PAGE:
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Battle of New Orleans

Dirty Dozen brass band survives Katrina with body 'n' funk intact



While New Orleans remains in a post-Katrina funk, the Dirty Dozen Brass Band is alive, well and in its usual Crescent City state of funk, soul and spirituality. Though their home base of New Orleans is a mess, DDBB is not. All members are doing OK; unfortunately, you can't say the same of their homes and well-being.

The Dirty Dozen is a 10-member aggregation of loose yet highly polished New Orleans musical genre-benders who take brass-band trad to a whole new level. Combining punchy, earthy spirituals with soul-searching dirges, the band is the epitome of Creole soul. Together for decades, the ensemble has joined with the likes of Elvis Costello, Modest Mouse, Dr. John and Dave Matthews. Many other artists, including the Black Crowes, Branford Marsalis, David Bowie, Joe Henry, Aaron Neville, Gov't Mule and Widespread Panic, also have employed DDBB's services.

Speaking by phone last month from his temporary home in Vicksburg, MS, sax player Roger Lewis said he was ready to get back home.

"Vicksburg's temporary. I'm not planning on staying here. We're planning to go back (to New Orleans)," Lewis said.

The Dozen formed in April 1977 as a combination social club and funeral band, providing sober musical arrangements for the recently departed. The minute a casket was out of sight, the band would kick into a second line repertoire of jubilant, thumping, syncopated, marching jazz, creating a parade for mourners and onlookers alike. At the time the musicians were starting out, the funeral band was a dying tradition. So the Dozen began reinventing the music, making up their own rules, combining new influences, picking up the beat and, according to Lewis, "putting all this in one package, like a musical gumbo.

"Thirty years ago, we listened to everything: John Coltrane, Dizzy Gillespie, Charlie Parker, Duke Ellington, Thelonious Monk, James Brown and Michael Jackson. We listened to bebop plus the music of our city, which is hymns, gospel, basically everything. We kept an open mind," Lewis said. "We still listen to everything. We jump all over the place. We don't care what it is."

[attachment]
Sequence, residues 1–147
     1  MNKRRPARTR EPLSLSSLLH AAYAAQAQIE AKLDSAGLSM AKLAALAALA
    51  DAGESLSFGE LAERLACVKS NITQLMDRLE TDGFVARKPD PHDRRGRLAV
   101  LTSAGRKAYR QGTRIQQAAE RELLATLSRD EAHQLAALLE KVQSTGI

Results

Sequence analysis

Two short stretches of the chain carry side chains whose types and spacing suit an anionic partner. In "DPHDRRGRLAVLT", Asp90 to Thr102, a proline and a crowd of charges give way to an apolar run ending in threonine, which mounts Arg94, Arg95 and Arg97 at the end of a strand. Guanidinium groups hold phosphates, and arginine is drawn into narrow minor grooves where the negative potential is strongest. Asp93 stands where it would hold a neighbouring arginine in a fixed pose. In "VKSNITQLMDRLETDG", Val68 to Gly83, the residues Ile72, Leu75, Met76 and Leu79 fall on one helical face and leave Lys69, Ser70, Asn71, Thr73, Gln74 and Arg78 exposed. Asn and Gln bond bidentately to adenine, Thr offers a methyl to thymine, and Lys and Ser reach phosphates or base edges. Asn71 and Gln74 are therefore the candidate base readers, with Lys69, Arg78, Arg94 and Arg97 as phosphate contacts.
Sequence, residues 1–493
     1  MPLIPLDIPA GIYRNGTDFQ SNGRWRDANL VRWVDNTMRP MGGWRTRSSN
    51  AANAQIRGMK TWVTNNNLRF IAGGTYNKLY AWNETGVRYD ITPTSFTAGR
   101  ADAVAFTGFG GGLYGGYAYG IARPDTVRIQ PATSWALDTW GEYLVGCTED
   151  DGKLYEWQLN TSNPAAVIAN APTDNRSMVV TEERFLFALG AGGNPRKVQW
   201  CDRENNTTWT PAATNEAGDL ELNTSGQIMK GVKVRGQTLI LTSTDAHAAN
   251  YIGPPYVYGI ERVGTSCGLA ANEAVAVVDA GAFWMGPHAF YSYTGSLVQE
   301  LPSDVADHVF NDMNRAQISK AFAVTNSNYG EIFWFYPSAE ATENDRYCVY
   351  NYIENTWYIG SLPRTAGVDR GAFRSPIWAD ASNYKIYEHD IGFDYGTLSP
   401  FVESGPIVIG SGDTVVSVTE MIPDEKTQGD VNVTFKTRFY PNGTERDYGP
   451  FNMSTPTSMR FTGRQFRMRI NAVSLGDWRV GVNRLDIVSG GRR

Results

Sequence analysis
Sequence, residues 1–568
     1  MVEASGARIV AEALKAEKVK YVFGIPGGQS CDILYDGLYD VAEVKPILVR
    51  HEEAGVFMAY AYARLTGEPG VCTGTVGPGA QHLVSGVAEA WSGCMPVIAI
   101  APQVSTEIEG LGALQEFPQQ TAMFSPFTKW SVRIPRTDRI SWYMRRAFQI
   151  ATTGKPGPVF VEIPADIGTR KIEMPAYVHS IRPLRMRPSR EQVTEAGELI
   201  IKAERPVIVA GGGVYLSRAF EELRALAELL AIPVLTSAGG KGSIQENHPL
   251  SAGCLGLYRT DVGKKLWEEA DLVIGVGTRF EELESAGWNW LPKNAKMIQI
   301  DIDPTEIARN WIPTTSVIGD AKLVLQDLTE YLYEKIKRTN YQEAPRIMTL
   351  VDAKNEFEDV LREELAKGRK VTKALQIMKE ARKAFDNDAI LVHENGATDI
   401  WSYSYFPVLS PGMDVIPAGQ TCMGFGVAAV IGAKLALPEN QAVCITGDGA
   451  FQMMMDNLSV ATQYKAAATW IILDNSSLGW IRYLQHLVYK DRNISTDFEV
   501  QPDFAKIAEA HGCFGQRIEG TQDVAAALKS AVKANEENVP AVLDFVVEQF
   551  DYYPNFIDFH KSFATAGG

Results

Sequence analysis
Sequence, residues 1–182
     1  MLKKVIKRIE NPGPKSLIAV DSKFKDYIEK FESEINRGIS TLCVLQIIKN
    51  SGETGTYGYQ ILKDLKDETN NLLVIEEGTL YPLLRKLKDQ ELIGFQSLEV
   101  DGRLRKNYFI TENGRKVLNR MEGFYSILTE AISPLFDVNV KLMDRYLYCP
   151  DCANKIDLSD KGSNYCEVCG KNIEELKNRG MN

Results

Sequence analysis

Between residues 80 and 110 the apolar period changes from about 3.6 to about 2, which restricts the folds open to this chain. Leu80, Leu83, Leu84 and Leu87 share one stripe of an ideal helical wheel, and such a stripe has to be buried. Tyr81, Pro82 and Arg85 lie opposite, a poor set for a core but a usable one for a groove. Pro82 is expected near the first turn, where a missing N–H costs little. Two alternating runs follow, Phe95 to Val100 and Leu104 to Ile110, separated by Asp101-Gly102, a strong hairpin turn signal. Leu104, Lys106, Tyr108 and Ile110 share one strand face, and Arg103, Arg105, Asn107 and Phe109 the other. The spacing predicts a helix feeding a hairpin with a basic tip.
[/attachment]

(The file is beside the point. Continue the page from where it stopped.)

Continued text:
Besides Lewis, band members are Gregory Davis on trumpet, Sammie Williams on trombone, Kevin Harris on tenor sax, Efrem Towns on trumpet and flugelhorn and Julius McKee, Kirk Joseph and Jeffrey Hills, Sr. each on sousaphone. The band also features Jamie McLean on guitar and Terence Higgins on drums. Lewis said after Katrina hit, the band members scattered. "Efrem Towns is in Washington, DC; Jamie McLean is in New York; Kevin Harris is in Baton Rouge and Sammie Williams in Jackson, Mississippi." Other band members are in Houston and Atlanta. "We come together the best we can," Lewis said. "We play a lot. We're always on tour."

Lewis has a unique vantage point regarding what's happened in New Orleans. "At the beginning of this madness, all the governments kind of failed. They didn't act fast enough, didn't respond to the catastrophe fast enough. What would happen in a real terrorist attack? We'd be in a bad way."

Regarding his own property, Lewis said, "My house had four feet of water in it. It's in the Edgewood area. My family's house had four feet of water. We're still trying to dry it out."

For a long time music has been the healer for Lewis and company, and now it's more important than ever. Of the DDBB's dozen-plus recordings, Lewis said he doesn't have a favorite, "I kinda like them all. They're all good," he said. "I really like My Feet Can't Fail Me Now (1984). We practiced hard then. Also, Whatcha Gonna Do For the Rest of Your Life? (1991)."

Lewis said he especially likes last year's Funeral For a Friend (2004), a poignant memorial to fellow musician Tuba Fats Lacen. He described the sound: "It has a feeling of a real jazz funeral. Bringing the coffin out of the church, into the hearse. We play the slow music for that time; a dirge, hymns, too.

"As the last car passes on the way to the cemetery, then it's strike-up-the-band time and it's more uptempo and second line," he continued. "Everyone is dancing all the way back." Songs like "John the Revelator" and "Jesus on the Mainline" are as rapturous as they are redemptive. Besides the pervasive horns are some swampy slide guitar and atmospheric accordion fills.

The Dozen's songs combine brilliant riffs and runs starting in familiar, standard territory; then, in the manner of all African American music, the music invariably takes you higher and higher before miraculously returning you to earth. You hear ghosts of Cab Calloway followed by atonal, Frank Zappa-like horn riffs, all with down-home, bayou textures.

Collection, a relatively recent set of songs, is a snappy overview of the band's various recordings, though Lewis said he wonders why certain tunes were selected: "It's a wide variety of all the stuff we did, though not necessarily the best."

Lewis said he remains unbowed by the calamity of Hurricane Katrina: "New Orleans will come back. There's always someone wanting to go there. I think it'll take 15 or 20 years. Some people aren't coming back; that might be good, you know." And about the city's music: "We try to play something for your mind, your body and your soul."

The Dirty Dozen Brass Band plays at the Visulite Theatre on Friday, Dec. 30, at 10 pm. Tickets are $16 in advance, $18 the day of the show, available at 704-358-9200 or

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